Humanitarian groups welcome US Afghan Adjustment Act

Humanitarian groups welcome US Afghan Adjustment Act
2 min read
Washington, D.C.
16 August, 2022
Refugee advocates, who have long been advocating for the Afghan Adjustment Act, are welcoming the passage of the bill, which will allow Afghan evacuees in the US to have a path to permanent status.
Afghans queue for passports. [Getty]

Rights groups are welcoming the Afghan Adjustment Act, which will allow Afghans who were paroled into the US to have a path to permanent residency and citizenship. 

The bill, which was passed last week with bipartisan support, with advocacy by refugee, civil rights and veterans' groups, mainly applies to the 70,000 to 80,000 Afghans who were evacuated a year ago when the US and its allies withdrew from Afghanistan. 

"This group of parolees didn't have a pathway to stay in the country. The adjustment of the act gives them a permanent status," Adam Bates, supervisory policy counsel with the International Refugee Assistance Project, told The New Arab. "They're on the same footing as if they'd come in as refugees. They plainly can't be sent back to Afghanistan."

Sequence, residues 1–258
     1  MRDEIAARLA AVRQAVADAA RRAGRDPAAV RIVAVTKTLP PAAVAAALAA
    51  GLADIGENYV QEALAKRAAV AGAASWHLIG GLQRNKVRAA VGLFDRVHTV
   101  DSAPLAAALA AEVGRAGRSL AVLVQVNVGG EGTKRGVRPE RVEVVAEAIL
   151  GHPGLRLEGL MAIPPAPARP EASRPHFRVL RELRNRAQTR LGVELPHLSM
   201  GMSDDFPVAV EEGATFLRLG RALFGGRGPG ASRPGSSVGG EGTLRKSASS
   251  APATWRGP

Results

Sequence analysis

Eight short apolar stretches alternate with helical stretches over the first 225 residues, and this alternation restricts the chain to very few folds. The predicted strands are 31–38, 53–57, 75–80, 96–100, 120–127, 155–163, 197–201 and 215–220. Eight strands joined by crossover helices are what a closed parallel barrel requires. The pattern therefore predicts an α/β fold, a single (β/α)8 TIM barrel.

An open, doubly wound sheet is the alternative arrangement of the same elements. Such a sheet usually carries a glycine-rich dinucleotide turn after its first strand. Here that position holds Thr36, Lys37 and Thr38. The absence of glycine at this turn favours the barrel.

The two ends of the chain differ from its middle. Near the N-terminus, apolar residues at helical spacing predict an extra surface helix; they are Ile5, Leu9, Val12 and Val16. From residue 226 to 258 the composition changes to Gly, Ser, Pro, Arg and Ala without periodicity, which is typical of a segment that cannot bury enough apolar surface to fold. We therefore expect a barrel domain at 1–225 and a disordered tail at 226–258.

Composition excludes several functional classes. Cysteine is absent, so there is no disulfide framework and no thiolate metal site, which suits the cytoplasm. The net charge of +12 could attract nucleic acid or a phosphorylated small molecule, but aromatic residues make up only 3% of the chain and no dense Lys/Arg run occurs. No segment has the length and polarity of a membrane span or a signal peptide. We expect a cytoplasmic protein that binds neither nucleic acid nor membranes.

With the Afghans' statuses adjusted, this will free up resources to process asylum applications of other refugees, as they will no longer need to apply for asylum. 

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"If Congress does nothing, without the Adjustment Act, the majority of folks would end up requesting asylum, and the asylum system is already backlogged," said Bates. "It's superfluous to find out if these folks have a credible fear of going back to Afghanistan. It would benefit nobody."

Apart from helping Afghans in the US, the bill also helps with consular services for those in Afghanistan still waiting for their applications to be processed. Lacking in the bill, according to refugee advocates, is an expansion of the P2 programme, which would further increase the number of those who qualify for refugee status. 

This is not the first time there has been an adjustment in the status of those paroled into the US. It has previously been done for Cubans, Vietnamese and Liberians.